Review > Jitsu (Masters of the Universe Classics, Mattel)

Poe’s Note: In 1987, Los Angeles Mayor Tom Bradley declared April 28 Masters of the Universe Day. This was around the time the Power Tour came to LA so I’m sure this was some sort of publicity stunt, but fans, tongues firmly in cheek, have embraced the day as a time to celebrate their favorite musclebound heroes and villains. In honor of MOTU Day, I offer you JITSU!

Jitsu

Jitsu

Jitsu’s an interesting fellow from my perspective. Despite being a major member of Skeletor’s Evil Warriors, I never owned this figure or even knew anyone who did. His appearances in MOTU-related media were sparse; he appeared in the Filmation episode “The Dragon Invasion” and a few sporadic storybook and comics, and that was all. Writer Larry DiTillio later claimed his absence in the cartoon series was due to fears he would be perceived as a racial stereotype. So the only two Asian characters in MOTU were villainous martial artists…at least there wasn’t a turban-wearing Middle Easterner among Skeletor’s regulars, right?

While the vintage Masters of the Universe line had a lot of He-Man and Skeletor variants that were counterparts to one another – Battle Armor He-Man and Skeletor, Thunder Punch He-Man and Dragon Blaster Skeletor, Flying Fists He-Man and Terror Claws Skeletor – but it was rare for any other characters to get a counterpart. And while it’s not exactly official, I’ve always thought of Jitsu as the evil counterpart to Fisto. The difference? Fisto punches, while Jitsu chops!

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Jitsu’s real name, Chopper, comes from the series bible, where it was his original name – only later did they change it to Jitsu.

We’re told Jitsu is an intergalactic bandit, which does help explain how he was one of only two Asians on Eternia. Heck, since he’s a “master of several forms of martial arts,” he could be a refugee from Earth for all we know. The bio notes that Fisto is his archenemy, backing up my ad-hoc counterpart theory. As for Jitsu getting to rule Snake Mountain with a golden fist after Skeletor heads to the final frontier, I’m not sure whether that means Skeletor trusts Jitsu implicitly or finds him so incompetent he just left him behind.

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As one of the earliest and most iconic characters, Jitsu gets a lot of love from Mattel and the Four Horsemen. Since most of him can be re-used from other figures, his only new parts are his armor, fist and head, but they’re all well-designed and sculpted. He also has the extra-thick right bicep from Fisto; otherwise, the rest of him is the same MOTUC body we’ve been seeing from the beginning of the line (except for the improved ankles).

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The vintage figure’s hand was large and fairly simple in design, but was vac-metallized; the Millennium Staction’s hand was gigantic and as detailed as Mandarin Spawn. The MOTUC version splits the difference with more detail but no chrome.

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The head is very intricately sculpted, with detailing right down to the furrow of his brow and the crow’s feet around his eyes. I feel obliged to point out that, relative to most other heads sculpts in MOTUC, one could argue this head was too detailed. It’s almost good enough for the Staction. It’s a little bit incongruous compared to the rest of his body, but I’ll admit it’s not the sort of thing that tends to bother me all that much. But I know some collectors really do care about the conformity of look among a single toyline, so I wanted to point it out. To those of you who would never have noticed and will now be bugged by it, I apologize.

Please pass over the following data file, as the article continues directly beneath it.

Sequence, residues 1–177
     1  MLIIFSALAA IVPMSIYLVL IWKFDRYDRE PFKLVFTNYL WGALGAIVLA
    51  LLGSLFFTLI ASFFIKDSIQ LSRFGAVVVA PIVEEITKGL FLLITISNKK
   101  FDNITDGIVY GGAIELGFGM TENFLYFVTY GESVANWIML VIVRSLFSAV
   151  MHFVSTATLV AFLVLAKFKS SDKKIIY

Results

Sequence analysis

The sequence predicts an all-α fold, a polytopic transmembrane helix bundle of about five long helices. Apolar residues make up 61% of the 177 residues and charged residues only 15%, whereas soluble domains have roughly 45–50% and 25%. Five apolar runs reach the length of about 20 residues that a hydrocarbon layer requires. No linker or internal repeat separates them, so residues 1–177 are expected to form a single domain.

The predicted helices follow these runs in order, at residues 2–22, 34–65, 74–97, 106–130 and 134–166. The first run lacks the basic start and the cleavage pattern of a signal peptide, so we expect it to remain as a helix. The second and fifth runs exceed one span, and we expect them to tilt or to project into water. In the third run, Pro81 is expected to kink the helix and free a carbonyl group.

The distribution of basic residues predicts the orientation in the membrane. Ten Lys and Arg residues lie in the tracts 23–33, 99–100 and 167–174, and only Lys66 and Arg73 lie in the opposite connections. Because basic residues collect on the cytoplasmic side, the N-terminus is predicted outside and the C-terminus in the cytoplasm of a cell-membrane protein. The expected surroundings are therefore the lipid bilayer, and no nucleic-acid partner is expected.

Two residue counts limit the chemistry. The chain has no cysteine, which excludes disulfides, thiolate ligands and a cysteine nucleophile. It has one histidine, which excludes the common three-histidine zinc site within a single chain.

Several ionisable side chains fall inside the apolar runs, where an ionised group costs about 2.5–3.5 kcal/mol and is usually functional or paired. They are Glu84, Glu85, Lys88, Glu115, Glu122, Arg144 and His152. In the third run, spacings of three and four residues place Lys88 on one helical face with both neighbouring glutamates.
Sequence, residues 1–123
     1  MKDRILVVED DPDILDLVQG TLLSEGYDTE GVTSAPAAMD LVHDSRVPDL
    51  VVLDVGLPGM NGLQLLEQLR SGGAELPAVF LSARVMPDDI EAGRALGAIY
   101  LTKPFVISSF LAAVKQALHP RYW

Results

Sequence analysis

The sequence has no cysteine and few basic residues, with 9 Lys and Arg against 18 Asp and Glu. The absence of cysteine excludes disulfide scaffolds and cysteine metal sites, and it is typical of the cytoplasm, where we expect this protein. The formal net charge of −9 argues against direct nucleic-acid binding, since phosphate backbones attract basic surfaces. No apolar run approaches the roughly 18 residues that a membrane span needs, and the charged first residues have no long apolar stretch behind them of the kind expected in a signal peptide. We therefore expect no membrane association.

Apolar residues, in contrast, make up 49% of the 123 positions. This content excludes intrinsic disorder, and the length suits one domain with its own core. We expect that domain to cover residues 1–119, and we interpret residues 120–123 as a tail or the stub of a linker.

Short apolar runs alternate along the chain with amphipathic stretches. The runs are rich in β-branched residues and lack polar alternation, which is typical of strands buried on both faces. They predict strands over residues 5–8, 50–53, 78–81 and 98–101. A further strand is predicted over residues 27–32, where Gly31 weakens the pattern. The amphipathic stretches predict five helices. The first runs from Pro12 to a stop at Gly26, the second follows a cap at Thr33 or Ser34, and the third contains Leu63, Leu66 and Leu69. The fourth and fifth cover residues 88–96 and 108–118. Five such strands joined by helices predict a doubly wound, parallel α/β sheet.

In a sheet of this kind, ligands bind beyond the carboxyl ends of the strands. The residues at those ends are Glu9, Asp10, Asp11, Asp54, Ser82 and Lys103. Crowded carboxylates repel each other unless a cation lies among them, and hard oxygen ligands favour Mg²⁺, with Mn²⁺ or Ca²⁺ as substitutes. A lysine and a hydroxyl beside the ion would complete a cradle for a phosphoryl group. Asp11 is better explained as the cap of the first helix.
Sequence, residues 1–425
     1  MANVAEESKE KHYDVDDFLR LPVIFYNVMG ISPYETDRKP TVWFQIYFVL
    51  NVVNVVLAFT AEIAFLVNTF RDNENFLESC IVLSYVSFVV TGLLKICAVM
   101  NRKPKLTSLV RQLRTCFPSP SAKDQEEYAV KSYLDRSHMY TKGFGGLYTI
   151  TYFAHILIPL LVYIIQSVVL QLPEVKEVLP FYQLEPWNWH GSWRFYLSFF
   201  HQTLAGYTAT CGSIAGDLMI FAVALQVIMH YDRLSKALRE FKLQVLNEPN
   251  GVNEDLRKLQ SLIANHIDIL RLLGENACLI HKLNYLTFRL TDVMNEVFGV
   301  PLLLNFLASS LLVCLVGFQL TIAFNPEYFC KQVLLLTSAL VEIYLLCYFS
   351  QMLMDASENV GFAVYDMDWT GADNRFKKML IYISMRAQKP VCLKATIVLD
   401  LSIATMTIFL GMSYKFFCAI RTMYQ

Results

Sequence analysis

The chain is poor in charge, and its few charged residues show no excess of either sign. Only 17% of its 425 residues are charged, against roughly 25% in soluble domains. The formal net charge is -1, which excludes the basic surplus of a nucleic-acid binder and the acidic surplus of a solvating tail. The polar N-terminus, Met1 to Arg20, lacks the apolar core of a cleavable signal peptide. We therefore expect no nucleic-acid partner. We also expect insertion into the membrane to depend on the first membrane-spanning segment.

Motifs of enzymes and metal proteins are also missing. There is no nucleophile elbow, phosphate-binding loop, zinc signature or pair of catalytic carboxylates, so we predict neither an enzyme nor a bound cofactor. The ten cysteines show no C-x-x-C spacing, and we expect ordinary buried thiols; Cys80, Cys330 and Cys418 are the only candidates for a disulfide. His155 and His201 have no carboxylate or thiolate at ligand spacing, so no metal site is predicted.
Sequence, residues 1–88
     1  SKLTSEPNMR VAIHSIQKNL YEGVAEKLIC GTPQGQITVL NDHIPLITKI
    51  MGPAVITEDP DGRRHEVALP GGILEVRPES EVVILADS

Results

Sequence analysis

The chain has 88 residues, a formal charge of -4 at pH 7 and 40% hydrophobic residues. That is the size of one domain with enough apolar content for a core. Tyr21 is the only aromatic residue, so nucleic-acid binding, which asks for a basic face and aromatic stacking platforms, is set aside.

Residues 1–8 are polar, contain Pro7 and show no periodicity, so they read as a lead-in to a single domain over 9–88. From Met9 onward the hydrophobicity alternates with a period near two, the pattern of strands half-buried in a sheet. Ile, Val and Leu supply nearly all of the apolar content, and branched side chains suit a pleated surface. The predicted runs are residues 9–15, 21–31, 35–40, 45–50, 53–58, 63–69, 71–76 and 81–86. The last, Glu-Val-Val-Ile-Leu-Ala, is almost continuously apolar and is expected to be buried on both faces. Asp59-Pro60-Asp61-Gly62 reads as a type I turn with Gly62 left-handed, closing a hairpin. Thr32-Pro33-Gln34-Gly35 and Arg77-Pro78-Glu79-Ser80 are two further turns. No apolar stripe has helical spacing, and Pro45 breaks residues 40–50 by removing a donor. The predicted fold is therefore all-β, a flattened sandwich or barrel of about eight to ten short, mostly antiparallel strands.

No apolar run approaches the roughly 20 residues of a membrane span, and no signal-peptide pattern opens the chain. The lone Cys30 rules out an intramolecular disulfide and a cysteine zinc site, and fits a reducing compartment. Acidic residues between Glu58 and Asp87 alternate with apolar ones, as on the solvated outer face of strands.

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The paint work on MOTUC figures often varies by figure, but Jitsu appears to be one of the better examples. The detail work on his head, torso, and oversize hand is well executed, with little bleed.

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If any aspect of Jitsu disappoints, it’s his weapons. He comes with a curved sword (not sure whether to call it a katana, sabre, or who knows what else – perhaps Misterbigbo can enlighten us in the comments) and two kama. They’re cast in screaming bright orange plastic, though the blades have a metallic orange paint job. It’s evocative of the vintage figure (and they corrected the memorably reversed hand guard), but man, they’re just so painfully bright. This is something the line has done since the beginning – Tri-Klops had his green sword, Spikor his orange mace, Fisto his purple sword – but frankly it’s an aspect of the line I’ve always thought I could do without. I’ll take the corrected Tri-Klops sword from the first Weapons Pack over the green one any day.

Still, it’s nice to get three weapons. They’re designed well, and the kama can be stored on his back.

He features the usual MOTUC articulation. I found the joints on mine were particularly tight, which I’ll always welcome over loose joints.

Jitsu is another great addition to MOTUC. Aside from the weapons, he’s exactly what I would have wanted from his MOTUC figure. I can see someone being bothered by his more-detailed-than-normal head, but from a foot or two away it’s hardly noticeable. Overall, another great figure from Mattel and the Four Horsemen.

11111/2

Where to Buy:

Please check out these other MOTU Day reviews at other websites!

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